When referring to real cases, we use aliases.
Furlough is ending soon, and you might be worried about what happens next.
With the ending of the UK government furlough scheme (officially, the ’Coronavirus Job Retention Scheme’) on 30 September 2021, employers have to decide if they will take back their furloughed workers, or make them redundant, leaving many of us feeling anxious about the future.
In this article, we’ll explain your rights if you’re going back to work after furlough.
We’ll also look at what you can do if you’re now being made redundant, or were made redundant during the furlough period. We’ll look at two recent Employment Tribunal decisions around this.
As the furlough scheme ends, we want to make sure you have been treated fairly during furlough. Here are a few things to consider.
If you’ve been on furlough, you should have a furlough agreement. Your employer is obliged to keep this document for 5 years. If your employer is asking you to come back to work, they should give you notice, in writing, that your furlough is ending. The notice period will probably be in the agreement - there is no legal minimum, but you should be given as much notice as possible.
You have the right to return to the same job you had before furlough. In these challenging times, your employer may be keen to make changes to your contract of employment. However, if your employer wants to change any term of your contract, they should follow the usual processes.
Your employer is not allowed to reduce your hours or your pay unless:
Unfortunately can sometimes get around the difficulties in changing employment contracts by firing and re-hiring employees - but you might have a valid claim against them if they do.
It’s a good idea to review your employment contract before returning to work and check if it allows for changes to pay, hours and/or location.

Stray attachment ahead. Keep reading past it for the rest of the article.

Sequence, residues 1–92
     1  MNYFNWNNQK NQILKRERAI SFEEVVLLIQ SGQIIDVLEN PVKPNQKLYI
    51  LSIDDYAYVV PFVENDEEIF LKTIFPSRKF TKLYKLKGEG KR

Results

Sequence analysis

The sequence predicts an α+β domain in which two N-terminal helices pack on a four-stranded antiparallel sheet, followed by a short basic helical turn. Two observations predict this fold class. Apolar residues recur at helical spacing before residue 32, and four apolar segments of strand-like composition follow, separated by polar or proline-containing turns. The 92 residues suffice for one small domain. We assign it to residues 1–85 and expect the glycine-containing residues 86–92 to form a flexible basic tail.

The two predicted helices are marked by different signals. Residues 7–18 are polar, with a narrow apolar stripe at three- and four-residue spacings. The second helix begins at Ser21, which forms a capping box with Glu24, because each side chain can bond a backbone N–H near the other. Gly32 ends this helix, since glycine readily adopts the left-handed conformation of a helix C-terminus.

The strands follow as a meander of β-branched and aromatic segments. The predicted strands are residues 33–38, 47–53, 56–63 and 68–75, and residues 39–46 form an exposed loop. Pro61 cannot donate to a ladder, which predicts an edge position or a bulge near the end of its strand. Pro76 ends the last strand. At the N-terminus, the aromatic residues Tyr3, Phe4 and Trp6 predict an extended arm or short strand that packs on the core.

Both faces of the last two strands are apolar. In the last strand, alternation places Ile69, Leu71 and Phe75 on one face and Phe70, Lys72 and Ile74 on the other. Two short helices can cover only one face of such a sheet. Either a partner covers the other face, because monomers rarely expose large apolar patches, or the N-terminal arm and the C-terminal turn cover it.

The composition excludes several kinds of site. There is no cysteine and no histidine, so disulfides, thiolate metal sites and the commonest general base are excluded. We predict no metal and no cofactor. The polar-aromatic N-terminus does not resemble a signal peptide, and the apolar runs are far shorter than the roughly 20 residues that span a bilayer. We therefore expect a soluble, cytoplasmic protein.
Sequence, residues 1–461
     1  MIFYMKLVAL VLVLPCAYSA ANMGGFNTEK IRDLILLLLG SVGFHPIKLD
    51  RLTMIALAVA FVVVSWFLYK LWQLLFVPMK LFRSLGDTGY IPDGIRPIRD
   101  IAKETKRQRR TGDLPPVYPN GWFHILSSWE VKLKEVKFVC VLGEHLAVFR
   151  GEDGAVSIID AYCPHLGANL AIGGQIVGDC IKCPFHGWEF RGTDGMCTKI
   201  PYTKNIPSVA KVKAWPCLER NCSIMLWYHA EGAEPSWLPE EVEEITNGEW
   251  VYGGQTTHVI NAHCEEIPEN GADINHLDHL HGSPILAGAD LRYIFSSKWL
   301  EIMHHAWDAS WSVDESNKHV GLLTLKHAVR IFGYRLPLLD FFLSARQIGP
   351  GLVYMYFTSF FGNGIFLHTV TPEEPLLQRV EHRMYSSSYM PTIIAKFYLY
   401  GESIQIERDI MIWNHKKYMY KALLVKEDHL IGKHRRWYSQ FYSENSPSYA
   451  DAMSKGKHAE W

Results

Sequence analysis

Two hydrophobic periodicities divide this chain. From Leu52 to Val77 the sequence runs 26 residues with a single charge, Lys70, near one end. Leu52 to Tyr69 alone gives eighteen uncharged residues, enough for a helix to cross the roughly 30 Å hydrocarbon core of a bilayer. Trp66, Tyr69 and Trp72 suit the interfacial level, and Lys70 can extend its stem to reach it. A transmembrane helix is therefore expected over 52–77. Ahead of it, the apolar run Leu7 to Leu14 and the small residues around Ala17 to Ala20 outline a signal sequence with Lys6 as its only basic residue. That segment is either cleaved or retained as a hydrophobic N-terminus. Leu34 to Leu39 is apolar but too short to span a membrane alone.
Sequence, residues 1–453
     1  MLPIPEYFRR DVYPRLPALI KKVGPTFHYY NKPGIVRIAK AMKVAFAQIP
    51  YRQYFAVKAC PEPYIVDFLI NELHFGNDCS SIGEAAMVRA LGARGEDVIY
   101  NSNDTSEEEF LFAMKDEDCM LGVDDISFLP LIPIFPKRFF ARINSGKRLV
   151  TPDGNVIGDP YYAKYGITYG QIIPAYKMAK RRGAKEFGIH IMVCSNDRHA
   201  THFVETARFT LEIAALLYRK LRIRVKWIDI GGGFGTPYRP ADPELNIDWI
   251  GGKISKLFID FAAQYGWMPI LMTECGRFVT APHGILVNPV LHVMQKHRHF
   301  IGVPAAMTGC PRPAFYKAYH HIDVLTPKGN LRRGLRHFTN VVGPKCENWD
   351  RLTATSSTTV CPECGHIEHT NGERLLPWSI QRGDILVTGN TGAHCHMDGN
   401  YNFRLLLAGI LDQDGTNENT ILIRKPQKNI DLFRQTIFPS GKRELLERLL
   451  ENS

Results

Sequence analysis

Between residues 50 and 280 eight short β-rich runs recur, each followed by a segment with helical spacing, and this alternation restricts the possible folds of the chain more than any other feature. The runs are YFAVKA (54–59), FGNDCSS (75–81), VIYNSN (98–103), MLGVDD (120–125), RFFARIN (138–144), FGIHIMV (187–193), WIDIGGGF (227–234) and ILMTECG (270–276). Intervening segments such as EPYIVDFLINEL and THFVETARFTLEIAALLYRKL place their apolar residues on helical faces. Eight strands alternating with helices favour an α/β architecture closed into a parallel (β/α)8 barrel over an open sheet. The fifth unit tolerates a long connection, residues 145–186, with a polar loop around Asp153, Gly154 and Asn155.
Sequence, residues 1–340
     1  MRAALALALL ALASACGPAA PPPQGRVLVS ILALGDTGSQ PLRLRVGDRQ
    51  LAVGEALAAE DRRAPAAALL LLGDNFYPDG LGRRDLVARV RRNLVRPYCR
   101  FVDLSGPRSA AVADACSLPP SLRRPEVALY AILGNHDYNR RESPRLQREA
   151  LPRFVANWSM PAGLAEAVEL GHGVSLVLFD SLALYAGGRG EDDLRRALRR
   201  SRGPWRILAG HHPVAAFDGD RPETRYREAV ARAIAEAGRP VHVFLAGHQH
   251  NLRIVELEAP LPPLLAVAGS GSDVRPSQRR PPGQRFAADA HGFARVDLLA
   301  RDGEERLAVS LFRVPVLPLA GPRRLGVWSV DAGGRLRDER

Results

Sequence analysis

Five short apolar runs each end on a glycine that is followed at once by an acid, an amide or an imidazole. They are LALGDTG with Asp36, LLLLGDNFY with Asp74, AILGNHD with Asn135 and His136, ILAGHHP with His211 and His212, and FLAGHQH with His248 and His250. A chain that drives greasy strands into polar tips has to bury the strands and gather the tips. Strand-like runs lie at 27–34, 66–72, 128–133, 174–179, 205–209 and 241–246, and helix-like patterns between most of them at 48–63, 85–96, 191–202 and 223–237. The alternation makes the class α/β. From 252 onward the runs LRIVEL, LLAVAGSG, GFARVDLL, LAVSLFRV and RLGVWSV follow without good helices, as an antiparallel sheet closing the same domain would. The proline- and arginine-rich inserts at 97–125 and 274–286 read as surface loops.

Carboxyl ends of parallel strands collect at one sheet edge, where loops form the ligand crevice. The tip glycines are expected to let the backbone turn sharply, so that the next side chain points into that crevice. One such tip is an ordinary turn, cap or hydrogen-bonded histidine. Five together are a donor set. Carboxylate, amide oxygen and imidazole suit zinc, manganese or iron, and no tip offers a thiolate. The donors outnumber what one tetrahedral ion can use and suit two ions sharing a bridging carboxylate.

It may be a relief to return to work, but you might also be feeling anxious, particularly if you’ve been furloughed for a long time. You may have questions like:
Your employer should be considerate towards you and encourage you to raise your concerns about returning to work. Specifically, your employer should take time to consider how you could be offered:
If you're worried about working during the pandemic, ACAS has prepared a series of advice notes covering isolation and sick pay, hybrid working, getting the vaccine for work, Long Covid, and more.
Being on furlough doesn’t protect you from being made redundant. However, it doesn’t change your rights during redundancy, either. The same protections apply.
You may also be entitled to payment for:
If you are made redundant during or after the furlough period, your employer must use your full normal pay, not your reduced furlough pay, when calculating your payments.
You might be able to make a claim for unfair dismissal if you think you shouldn’t have been made redundant, or if there were problems in the way the redundancy was carried out.